Southeast Asian Tomato Salad Recipe

Perfectly Seasonal: Southeast Asian Tomato Salad

Chances are, if you grace my dinner table anytime between June and October, you'll be digging into a heaping bowl of tomato salad. My weekly farmers market trip practically revolves around their acquisition, and I can predict with startling accuracy my mood for the week based on whether I got my fill or not.

More often than not, the tomatoes are destined for the simplest of salads: sliced (or halved, in the case of cherry tomatoes) and dressed with a hefty sprinkle of sea salt, a drizzle of olive oil, and balsamic vinegar, if that, because the best Summer tomatoes don't really need to be gussied up.

This, however, is a game changer. It's likely that I might have simply skipped over this recipe and kept with tradition, greedily gobbling bowl after bowl of the simply dressed fruit, but something about this salad drew me in. Perhaps it was its provenance (I'll almost always blindly follow recipe advice from Melissa Clark) or maybe it was the addition of fish sauce (I'm a sucker for the briny liquid). Either way, I'd suggest that you too break out of your comfort zone and give this variation on the classic Summer salad a try.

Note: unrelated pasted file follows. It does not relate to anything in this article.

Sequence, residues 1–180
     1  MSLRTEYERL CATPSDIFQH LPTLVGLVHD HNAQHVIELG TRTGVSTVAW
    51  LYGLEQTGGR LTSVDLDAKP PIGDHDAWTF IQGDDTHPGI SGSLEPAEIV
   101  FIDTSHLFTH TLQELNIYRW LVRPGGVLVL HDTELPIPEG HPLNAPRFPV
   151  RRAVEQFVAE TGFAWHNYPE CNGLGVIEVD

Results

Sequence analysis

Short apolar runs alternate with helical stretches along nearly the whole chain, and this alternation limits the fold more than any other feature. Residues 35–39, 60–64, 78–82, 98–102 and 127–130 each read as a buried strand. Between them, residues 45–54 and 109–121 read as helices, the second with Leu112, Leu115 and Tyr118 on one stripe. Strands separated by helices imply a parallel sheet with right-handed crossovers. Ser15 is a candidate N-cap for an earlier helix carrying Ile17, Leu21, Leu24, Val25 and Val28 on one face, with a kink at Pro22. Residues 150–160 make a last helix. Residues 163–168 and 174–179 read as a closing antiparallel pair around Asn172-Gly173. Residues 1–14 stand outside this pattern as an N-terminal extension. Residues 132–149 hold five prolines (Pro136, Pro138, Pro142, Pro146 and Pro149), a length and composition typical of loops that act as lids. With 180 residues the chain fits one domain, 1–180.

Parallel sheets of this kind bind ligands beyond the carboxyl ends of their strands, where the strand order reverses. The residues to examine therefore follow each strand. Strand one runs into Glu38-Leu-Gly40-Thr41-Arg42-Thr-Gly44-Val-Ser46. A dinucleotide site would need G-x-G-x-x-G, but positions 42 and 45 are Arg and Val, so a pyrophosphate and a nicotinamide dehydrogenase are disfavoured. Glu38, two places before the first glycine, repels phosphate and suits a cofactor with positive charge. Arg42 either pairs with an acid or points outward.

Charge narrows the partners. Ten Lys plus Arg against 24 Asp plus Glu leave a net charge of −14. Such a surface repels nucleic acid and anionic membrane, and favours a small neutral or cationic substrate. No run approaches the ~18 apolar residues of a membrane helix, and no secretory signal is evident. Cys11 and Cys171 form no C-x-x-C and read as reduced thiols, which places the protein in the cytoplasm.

Keep reading for the innovative (but simple) recipe.

Southeast Asian Heirloom Tomato and Cucumber Salad

Southeast Asian Heirloom Tomato and Cucumber Salad

Southeast Asian Tomato Salad Recipe

Ingredients

2 teaspoons fish sauce, or to taste
2 teaspoons freshly squeezed lime juice
1 teaspoon dark brown sugar
1 garlic clove, minced
3 large or 4 medium heirloom tomatoes, sliced 1/4 inch thick
1/2 seedless English cucumber, thinly sliced
2 scallions, thinly sliced
1/2 jalapeño pepper, thinly sliced
2 tablespoons fresh Thai or regular basil, cut into a chiffonade
2 tablespoons chopped fresh cilantro

Directions

  1. Whisk together the fish sauce, lime juice, and sugar in a large mixing bowl.
  2. Add the sliced tomato, cucumber, scallions, and jalapeño, basil, and cilantro; gently toss to coat.

Serves four

Notes:

  • This salad dressing is oil-free and is delicious as is, though a sparing drizzle of toasted sesame oil wouldn't hurt, if you're so inclined.
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